Comcast-NBC Universal merger draws criticism: In comments to the FCC, opponents express concerns that the new conglomerate would control too much media, though major media companies are silent.
Jun 22, 2010 (Los Angeles Times - McClatchy-Tribune Information Services via COMTEX) --
The proposed merger between the cable company Comcast Corp. and entertainment giant NBC Universal was heavily criticized Monday by some rival media companies and consumer advocacy groups that are trying to persuade the Federal Communications Commission to block the $30-billion deal.
Announced last December, the pairing of Comcast and NBC Universal would put under one roof the nation's biggest cable and broadband provider and an entertainment conglomerate whose holdings include broadcast networks NBC and Telemundo, cable channels CNBC, Bravo and USA, the Universal Pictures movie studio and more than two dozen local television stations.
Since then, industry watchdogs, some lawmakers and competitors have expressed concern about one company controlling so much of the media landscape. On Monday, they registered their displeasure by filing comments with the FCC. Besides the FCC, the Justice Department is also reviewing the merger. A decision on whether the deal will be allowed to go through and what conditions may be imposed on it is expected late this year or early next year.
Although there was no shortage of complaints to the FCC about the proposed merger, the bulk of big media stayed quiet. Viacom Inc., Time Warner Inc., CBS Corp. and News Corp. all indicated they would not file comments on the deal. Walt Disney Co. was also expected to refrain from commenting.
Among the media companies critical of the combination were satellite broadcasters DirecTV Inc. and Dish Network Corp. as well as financial news firm Bloomberg.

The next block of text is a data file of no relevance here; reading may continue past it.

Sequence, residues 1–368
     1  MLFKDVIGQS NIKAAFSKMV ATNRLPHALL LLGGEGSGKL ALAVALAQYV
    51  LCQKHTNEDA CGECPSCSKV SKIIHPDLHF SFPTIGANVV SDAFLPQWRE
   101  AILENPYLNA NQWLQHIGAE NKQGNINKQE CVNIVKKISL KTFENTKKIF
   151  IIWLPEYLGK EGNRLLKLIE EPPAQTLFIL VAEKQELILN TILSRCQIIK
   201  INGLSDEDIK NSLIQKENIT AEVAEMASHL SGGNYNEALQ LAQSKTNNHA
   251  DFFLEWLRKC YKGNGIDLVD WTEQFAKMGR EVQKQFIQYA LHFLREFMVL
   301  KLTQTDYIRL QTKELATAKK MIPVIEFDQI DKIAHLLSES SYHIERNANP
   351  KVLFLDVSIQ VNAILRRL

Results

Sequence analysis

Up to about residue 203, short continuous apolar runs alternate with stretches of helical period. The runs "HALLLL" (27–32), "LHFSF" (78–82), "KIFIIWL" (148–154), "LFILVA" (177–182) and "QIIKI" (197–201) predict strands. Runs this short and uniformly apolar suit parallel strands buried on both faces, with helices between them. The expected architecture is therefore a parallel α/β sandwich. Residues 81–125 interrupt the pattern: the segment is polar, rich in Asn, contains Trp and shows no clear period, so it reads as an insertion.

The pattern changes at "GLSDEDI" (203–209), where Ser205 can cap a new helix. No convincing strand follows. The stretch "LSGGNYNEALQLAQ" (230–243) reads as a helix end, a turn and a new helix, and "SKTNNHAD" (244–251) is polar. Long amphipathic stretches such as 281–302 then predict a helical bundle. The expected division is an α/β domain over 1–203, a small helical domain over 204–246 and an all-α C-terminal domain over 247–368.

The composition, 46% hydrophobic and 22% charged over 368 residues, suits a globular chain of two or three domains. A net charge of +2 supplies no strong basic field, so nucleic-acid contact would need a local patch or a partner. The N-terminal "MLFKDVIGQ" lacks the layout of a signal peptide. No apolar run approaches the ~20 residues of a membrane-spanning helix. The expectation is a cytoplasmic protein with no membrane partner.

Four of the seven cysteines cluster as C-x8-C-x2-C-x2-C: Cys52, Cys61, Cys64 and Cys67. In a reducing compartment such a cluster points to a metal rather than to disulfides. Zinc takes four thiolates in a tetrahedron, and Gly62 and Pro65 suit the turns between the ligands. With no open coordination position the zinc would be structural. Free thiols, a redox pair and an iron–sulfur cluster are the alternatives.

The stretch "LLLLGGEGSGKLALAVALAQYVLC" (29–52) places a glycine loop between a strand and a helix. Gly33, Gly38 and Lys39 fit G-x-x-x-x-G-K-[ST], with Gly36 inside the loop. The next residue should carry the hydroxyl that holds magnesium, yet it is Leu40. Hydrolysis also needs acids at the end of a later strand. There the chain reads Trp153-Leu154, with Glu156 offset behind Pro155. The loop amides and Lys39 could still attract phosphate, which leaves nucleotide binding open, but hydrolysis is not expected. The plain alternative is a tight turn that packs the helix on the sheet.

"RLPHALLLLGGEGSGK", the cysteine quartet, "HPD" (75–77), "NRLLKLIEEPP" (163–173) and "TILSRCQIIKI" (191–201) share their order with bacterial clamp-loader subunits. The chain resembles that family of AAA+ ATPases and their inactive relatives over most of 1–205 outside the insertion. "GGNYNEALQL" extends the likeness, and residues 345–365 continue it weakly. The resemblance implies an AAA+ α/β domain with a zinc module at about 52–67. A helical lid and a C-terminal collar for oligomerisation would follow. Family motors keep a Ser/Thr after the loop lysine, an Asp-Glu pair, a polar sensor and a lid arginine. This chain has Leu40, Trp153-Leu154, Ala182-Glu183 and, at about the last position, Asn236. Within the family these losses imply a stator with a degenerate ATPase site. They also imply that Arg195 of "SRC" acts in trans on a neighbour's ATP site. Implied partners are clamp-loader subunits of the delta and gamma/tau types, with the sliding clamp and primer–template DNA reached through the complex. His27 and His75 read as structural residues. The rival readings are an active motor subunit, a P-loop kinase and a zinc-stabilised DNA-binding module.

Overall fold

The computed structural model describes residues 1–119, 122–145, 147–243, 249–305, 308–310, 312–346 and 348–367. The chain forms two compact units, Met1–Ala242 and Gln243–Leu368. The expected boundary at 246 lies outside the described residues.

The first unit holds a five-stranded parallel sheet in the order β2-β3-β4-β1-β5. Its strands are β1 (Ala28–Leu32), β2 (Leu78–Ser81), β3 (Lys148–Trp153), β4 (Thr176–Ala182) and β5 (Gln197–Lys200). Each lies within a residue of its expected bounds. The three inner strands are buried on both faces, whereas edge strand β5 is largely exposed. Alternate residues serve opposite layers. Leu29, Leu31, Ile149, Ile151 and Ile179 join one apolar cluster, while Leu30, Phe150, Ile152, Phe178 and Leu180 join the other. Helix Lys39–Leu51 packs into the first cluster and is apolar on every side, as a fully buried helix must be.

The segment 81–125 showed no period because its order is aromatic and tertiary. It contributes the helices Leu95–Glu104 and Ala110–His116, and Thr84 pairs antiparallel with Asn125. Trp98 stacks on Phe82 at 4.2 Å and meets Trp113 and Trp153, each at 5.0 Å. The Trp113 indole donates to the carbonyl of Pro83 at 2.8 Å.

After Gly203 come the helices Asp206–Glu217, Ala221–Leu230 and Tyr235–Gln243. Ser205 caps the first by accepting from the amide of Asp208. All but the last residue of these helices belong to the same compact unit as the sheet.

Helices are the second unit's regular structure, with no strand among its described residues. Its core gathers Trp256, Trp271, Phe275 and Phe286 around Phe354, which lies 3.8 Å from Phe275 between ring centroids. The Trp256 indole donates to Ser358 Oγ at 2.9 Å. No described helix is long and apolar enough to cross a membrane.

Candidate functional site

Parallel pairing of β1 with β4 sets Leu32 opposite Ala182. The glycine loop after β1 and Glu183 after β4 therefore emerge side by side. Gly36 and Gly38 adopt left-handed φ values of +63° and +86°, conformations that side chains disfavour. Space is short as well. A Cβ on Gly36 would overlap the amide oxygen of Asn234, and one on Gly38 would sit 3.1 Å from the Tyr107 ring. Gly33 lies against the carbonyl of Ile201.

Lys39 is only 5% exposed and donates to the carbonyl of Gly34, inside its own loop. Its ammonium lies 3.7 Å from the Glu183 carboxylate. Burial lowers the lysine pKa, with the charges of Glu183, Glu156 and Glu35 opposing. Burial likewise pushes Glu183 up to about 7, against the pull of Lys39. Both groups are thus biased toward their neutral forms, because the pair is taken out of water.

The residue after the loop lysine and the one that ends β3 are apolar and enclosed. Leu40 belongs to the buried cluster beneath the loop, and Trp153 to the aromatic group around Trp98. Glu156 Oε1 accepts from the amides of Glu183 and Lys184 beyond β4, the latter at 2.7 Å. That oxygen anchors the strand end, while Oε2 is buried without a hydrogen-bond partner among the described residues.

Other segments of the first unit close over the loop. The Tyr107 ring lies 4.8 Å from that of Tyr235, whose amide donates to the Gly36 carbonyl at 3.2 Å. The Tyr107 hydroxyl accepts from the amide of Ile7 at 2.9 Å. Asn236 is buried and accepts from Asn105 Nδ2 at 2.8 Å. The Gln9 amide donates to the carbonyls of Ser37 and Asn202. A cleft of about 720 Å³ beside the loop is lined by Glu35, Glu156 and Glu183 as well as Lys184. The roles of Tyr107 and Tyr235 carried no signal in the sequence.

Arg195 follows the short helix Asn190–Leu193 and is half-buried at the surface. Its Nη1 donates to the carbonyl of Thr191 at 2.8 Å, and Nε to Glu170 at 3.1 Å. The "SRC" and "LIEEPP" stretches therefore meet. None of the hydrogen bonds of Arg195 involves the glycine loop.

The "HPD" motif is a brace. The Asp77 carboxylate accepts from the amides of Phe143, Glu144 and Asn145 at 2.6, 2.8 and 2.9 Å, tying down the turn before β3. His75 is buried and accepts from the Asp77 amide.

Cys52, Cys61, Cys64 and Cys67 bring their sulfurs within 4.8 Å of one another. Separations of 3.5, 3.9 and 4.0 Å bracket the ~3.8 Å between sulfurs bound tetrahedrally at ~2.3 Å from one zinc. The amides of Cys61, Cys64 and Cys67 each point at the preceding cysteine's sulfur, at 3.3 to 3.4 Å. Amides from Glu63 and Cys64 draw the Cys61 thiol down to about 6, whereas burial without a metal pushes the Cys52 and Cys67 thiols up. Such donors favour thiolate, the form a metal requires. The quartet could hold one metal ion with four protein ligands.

Dish, which competes for subscribers with Comcast, told the FCC that the marriage of Comcast and NBC Universal "poses a direct threat" to the satellite industry's ability to offer a competitive product. Dish and DirecTV fear that Comcast will withhold content from its rivals.
Bloomberg, which has a cable channel that competes with CNBC, said in a letter to the FCC and Justice Department that "Comcast will have every reason to undermine the many independent news, sports and entertainment channels that compete with the channels it owns." The letter was co-signed by the Communications Workers of America; the Writers Guild of America, West; the National Consumers League; and other media watchdogs.
Bloomberg's biggest concern is that Comcast would give CNBC a better channel position than its competitors. Cable networks often try to cut deals with cable operators to improve their channel position, and Bloomberg fears Comcast wouldn't play ball if it owned CNBC.
Appraising the comments on Comcast's corporate website, Executive Vice President David Cohen wrote that "certain competitors and programmers appear to be attempting to use the transaction review process as an opportunity to seek advantages and concessions outside of marketplace negotiations. We believe these efforts should be rejected."
How Comcast could use NBC content to benefit its own broadband operations is also a worry for some. Public Knowledge, an advocacy group focused on the Internet, said the FCC must insist on conditions that would stop a combined company from favoring its own content online versus content from competitors and from withholding its own programming from rival online services.
Although the Writers Guild has voiced opposition to the deal and other guilds may follow, the Directors Guild of America has sent a note of support to the FCC.
In a letter from executive director Jay Roth, the DGA told the FCC that Comcast would be a better owner for NBC than General Electric Co. has been. Comcast, Roth wrote, has a commitment to "grow the industry, infuse new capital into the entertainment business and invest additional resources into programming," which will "represent a change from the uncertainty caused by many of the current owner's past decisions concerning commitment to our industry, programming and jobs."
Some questioned whether Comcast meets the FCC's character requirements to own broadcast licenses. The Parents Television Council, a nonprofit organization that fights what it considers indecent programming, wants Comcast to disclose how much money it makes from offering adult entertainment and to force the cable company to promise not to use the public airwaves to distribute "pornographic or adult entertainment."
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